Nuclear power financial arithmetics

Remarkable post about the financial feasibility of the nuclear power plan promoted by the Berlusconi government (DL n.112, 25/6/2008, art. 7), written by an experienced (although anonymous) manager who works in an investment Company.

Image from, CC by Bistrosavage

The main merit of the analysis is that it doesn’t list – for the umpteenth time – the environmental and safety issues related to the existence of a nuclear power plant, but it exposes a professional analysis from the financial standpoint. The outcome is that, in its 30-year lifespan, a hypothetical 1,800 Mwh nuclear power plant would generate:

  • a loss for the first 23 years, amounting to about €6.5bn;
  • a modest income for the last 7 years;
  • at the end of its lifespan, an overall loss of about €4bn.
  • Fabio Turel |

    Nuclear power financial arithmetics

    In the comments to a previous post, a noteworthy conversation emerged about the apparently enormous opportunity for exploiting geothermal energy in Italy. Alex Roe prompts me to spread the word about this issue, and Prime Minister’s plans for reintrodu…

  • Alex |

    Hi Fabio – if you can, try and spread the word on geothermal energy. Actually, geothermal power generation fascinates me, but I do not know that much about it. However, according to the Wikipedia entry on Geothermal power, there was an MIT report on the potential of GT power:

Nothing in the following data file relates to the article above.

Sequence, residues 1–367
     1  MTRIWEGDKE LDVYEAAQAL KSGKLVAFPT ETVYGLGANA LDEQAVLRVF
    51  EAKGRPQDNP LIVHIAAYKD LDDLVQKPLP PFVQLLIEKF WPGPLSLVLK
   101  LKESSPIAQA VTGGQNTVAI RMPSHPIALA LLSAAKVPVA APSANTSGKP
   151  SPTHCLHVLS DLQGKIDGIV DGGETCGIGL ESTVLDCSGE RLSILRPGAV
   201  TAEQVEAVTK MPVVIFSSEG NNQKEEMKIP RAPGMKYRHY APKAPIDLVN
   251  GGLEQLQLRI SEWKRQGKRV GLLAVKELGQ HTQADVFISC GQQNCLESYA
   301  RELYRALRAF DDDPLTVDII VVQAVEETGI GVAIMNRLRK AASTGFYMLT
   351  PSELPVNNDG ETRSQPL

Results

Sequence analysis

“The key characteristic of an EGS (also called a Hot Dry Rock system), is that it reaches at least 10 km down into hard rock. At a typical site two holes would be bored and the deep rock between them fractured. Water would be pumped down one and steam would come up the other. The MIT report estimated that there was enough energy in hard rocks 10 km below the United States to supply all the world’s current needs for 30,000 years.”
    30,000 years sounds just about enough! However, GT power does need to be managed carefully and can cause environmental problems too. Still, it appears to be safer than nuclear power.
    Italy certainly has a few hotspots and could probably do more with them on the geothermal power generation front.

  • Fabio |

    @Alex: I’ve read your post about geothermal energy – that’s an impressive potential!

  • Alex Roe |

    Yes, as you point out Fabio, there really should be no need for nuclear power in Italy. I find the Italian government’s enthusiasm for it somewhat bamboozling!
    And I’ve written about Italy’s geothermal resources on my blog – what I do not understand is why more is not made of this resource. Iceland seems to be using geothermal power to good effect, and yes, I know Iceland is tiny in comparison to Italy, but even so, with a little intelligent thought Italy could be one of the cleanest most environmentally friendly nations in Europe, if not the world.
    Italian brains seem to be doing great things in the photovoltaic field too according to a recent article I read in Nova.
    All the best,

  • Fabio |

    And wind turbines in Puglia and Sicily and Sardinia. And geothermal in Tuscany (and most of the Tyrrhenian coast)…

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